No luck with this method? Try this option: Stand in the customer service line and call the airline customer service line. Doing both maximizes the chances of a quick resolution.
Another option: If you’re a good multitasker (or have a spouse or traveling companion), pop open your laptop and see if you can chat with customer service. When these online chat options are available and there’s an actual human involved, the process can be a lot less time-consuming and frustrating than waiting on hold.
Use the airline lounge’s customer service desk to rebook a flight
If you are a member of an airline lounge, take advantage of this perk if your flight is delayed or canceled. The lines here are typically far shorter than what you’ll find on the airport concourse, and the helpful agents will help you find another flight. Just note that this service is limited to major airline-affiliated lounges, not at lounges operated by credit card companies.
These lounges can also be great places to ride out a long delay. Just be aware that on bad weather days, when tons of travelers end up stuck in the airport, they can get quite crowded.
Get someone else to pay when you’re stranded
Getting stranded somewhere doesn’t have to be the end of the world, especially if someone else foots the bill for that extra hotel night, taxi ride and meal out! The first step is finding out the reason for the disruption. If it’s maintenance, staffing or something else within the airline’s control, consult the FlightRights.gov federal dashboard. This is where you’ll find information about which airlines will cover unexpected meals, hotel stays and/or ground transportation if the cancellation or delay is the airline’s fault.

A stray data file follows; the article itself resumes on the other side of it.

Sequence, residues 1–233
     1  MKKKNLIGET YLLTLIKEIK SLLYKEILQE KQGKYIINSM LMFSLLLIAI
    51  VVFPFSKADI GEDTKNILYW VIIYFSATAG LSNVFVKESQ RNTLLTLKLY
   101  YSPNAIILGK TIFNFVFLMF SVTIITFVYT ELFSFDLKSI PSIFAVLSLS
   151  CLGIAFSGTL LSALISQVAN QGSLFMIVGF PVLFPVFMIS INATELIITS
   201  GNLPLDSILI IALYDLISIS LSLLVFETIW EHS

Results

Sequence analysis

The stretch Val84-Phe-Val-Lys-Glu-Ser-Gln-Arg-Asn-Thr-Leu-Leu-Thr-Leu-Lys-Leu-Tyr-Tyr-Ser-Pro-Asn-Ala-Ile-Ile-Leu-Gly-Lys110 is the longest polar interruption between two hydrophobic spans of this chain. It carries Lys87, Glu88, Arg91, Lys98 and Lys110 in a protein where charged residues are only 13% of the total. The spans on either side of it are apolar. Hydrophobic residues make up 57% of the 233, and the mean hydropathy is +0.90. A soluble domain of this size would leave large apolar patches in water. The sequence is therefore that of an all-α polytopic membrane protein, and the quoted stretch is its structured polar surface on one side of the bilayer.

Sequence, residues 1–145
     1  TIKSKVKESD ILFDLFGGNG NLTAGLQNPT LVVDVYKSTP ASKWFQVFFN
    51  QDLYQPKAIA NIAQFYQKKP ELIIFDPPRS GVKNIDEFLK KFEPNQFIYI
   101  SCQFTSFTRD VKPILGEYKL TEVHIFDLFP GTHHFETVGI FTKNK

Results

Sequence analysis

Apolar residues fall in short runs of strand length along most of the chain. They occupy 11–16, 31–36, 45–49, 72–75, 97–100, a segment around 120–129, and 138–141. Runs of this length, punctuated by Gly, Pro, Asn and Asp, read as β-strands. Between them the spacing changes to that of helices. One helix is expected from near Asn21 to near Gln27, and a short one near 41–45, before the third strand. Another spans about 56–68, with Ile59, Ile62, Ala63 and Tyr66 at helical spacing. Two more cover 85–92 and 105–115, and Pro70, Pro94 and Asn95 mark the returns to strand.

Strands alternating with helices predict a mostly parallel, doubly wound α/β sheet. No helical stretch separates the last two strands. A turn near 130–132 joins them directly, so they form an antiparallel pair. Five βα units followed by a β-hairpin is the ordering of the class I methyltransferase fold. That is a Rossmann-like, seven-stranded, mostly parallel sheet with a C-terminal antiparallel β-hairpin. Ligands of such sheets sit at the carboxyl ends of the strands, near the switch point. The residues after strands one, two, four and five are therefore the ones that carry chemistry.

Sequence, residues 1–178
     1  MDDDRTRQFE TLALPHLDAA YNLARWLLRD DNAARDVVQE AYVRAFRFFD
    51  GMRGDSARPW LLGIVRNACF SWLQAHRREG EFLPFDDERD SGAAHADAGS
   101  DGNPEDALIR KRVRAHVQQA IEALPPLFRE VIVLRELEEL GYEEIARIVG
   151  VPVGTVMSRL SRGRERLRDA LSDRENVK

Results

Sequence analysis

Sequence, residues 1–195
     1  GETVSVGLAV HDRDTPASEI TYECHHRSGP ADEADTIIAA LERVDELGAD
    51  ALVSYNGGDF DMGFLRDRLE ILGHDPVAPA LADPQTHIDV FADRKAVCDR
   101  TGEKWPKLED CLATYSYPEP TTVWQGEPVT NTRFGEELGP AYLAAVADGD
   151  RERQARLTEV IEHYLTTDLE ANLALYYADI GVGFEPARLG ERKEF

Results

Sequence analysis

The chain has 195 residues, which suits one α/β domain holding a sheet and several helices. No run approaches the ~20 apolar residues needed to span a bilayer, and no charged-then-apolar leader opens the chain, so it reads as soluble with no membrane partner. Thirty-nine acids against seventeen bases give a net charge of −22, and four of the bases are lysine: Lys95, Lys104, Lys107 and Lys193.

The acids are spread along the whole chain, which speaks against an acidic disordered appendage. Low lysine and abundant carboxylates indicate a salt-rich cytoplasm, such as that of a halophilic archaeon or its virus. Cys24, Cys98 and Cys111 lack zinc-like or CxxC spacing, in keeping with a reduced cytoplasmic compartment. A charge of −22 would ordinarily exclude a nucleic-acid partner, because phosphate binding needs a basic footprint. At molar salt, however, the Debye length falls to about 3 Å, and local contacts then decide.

And now for the bad news: If the source of trouble is weather-related, the airline typically won’t pay. For that reason, you might want to consider a travel credit card that offers trip-insurance protection. As I write this, I’m reminded that I need to make a claim for a weather-related snafu that stranded me in Atlanta overnight this fall. Because I booked the trip with an American Express card that offers travel protections, the unexpected hotel night and Uber ride should be covered.
A variety of travel cards offer such protections. Just make sure to book all aspects of the trip with that card to be eligible for a claim.
Know when you’re owed a refund
If your flight is canceled or significantly delayed, or if your itinerary significantly changes against your will, you are entitled to a refund—under federal policy—if you ultimately choose not to fly. The reason for the disruption doesn’t matter. Neither does your ticket type. And you don’t have to accept frequent-flier miles instead of a refund. So how do you make this happen? You’ll typically need to consult your airline’s customer service webpage and put in a request for a refund.